Over the past 15 years, Impact Learning Systems has worked with many organizations to help establish a culture of world-class service. The principles outlined here are key to that endeavor, regardless of industry.
Of course, it's difficult to pare down to only five principles — certainly there are more that could be considered. But this should provide a good starting point for anyone trying to build and maintain a strong customer care culture in their own organization.
Skills vs. Principles
Before addressing some core principles of customer care, I just want to distinguish them from the concept of skills. There are some essential skills that should be demonstrated by anyone in a front-line customer care position, but for now let's focus on some key principles that are relevant to anyone who manages or trains a customer care team as well as to the customer care representatives themselves.
Customer Care Principle #1: To Customers, Front-Line Representatives Are the Company.
Customers don't usually know or see what goes on behind the scenes, so their opinion of your organization stems from "customer touchpoints." These customer touchpoints occur any time a customer comes in contact with your company and uses that experience to form an impression of our organization.
Front-line employees — whether they're communicating face-to-face, on the telephone, or via e-mail—are in direct and constant communication with your customers. An investment in the skills and knowledge of these employees is very much an investment in the customer experience.
Customer Care Principle #2: Employee Satisfaction Matters!
Studies have shown that a strong link exists between employees' job satisfaction and the quality of customer service those employees provide. No surprise there!
Customer care — whether that means selling shoes or fixing servers — is an intrinsically rewarding profession. Simply put, it feels good to be of service to someone, to make something good happen to another person. This is the kind of attitude that motivates employees to create a strong culture of customer care, but it doesn't typically happen unless the employees themselves feel valued by their company and satisfied with their jobs.
It may sound obvious, but it's worth noting: If employees aren't satisfied on the job, they're usually not motivated to demonstrate a high level of customer care; at best, they'll do just enough to get by.
Customer Care Principle #3: Show Customers They're Valued; Don't Assume They Know It.
The third key principle of customer care is to show customers that they're valued by your company. Many organizations make the mistake of assuming that customers know this and don't need to be explicitly told.
Of course, the most important aspect of showing customers that they're valued is to take care of their need or request in a timely, efficient, and correct manner. At each and every customer touchpoint, employees should maintain a mindset of earning the business and trust of customers, never taking it for granted.
But customers have needs that go beyond the "transaction." They want to be appreciated and respected. They want to feel that your company's customer care philosophy is just that: care.
So, it doesn't hurt to tell them directly. Before ending a call or a face-to-face visit, employees should take a moment to tell the customer that their business is appreciated. It can go a long way!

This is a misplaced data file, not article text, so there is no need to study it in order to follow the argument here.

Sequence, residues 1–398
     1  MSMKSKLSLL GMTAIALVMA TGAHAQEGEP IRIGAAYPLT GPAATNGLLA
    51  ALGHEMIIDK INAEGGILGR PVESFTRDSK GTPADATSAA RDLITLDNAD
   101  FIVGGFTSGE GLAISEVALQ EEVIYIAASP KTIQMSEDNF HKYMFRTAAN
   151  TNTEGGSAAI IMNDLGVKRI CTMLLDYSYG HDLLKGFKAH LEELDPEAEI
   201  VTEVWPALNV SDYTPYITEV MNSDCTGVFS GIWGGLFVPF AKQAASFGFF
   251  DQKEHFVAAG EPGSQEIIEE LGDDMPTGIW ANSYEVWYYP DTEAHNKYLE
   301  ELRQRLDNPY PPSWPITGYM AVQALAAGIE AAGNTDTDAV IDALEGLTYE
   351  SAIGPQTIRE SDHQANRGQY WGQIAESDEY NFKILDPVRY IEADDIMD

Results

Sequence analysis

Customer Care Principle #4: Internal Customer Care is as Important as External Customer Care.
All too often, companies place a strong emphasis on external customer care while losing sight of the fact that internal customers matter just as much. Why? Because somewhere down the line, the service provided to an internal customer will show up in an external customer transaction.
An internal customer is any employee who depends on the timing, quality and accuracy of a colleague's work in order for them to succeed in their own work.
What I've seen is that those organizations in which a customer care culture is truly embedded do not make distinctions about internal and external care. Each employee's mission is simply to demonstrate excellence with each and every task.
Customer Care Principle #5: Train Your Staff to Deliver Great Customer Service—and Hold Them Accountable.
You can't expect people to perform to expectations until you've given them the knowledge and skills to do just that. If you're serious about embracing a culture of customer care, you need to educate employees as to what this notion "looks like" on the job.
It shouldn't be taken for granted that employees know what goes into good customer service (internal or external). They may have some good instincts and they may each take certain measures that they personally feel will provide good service, but this hopeful and hodgepodge approach isn't enough. Providing training in both your company's customer care philosophy and in their job-specific service skills is a huge and all-important first step.
Once employees have been trained, it's essential for them to be held accountable for putting their customer care skills into practice on the job. This, of course, means strong and consistent coaching on an ongoing basis.
Finally, once you've trained employees and held them accountable for putting their customer service training into practice on the job, be sure to reward them for their success!
Posted on April 28, 2010
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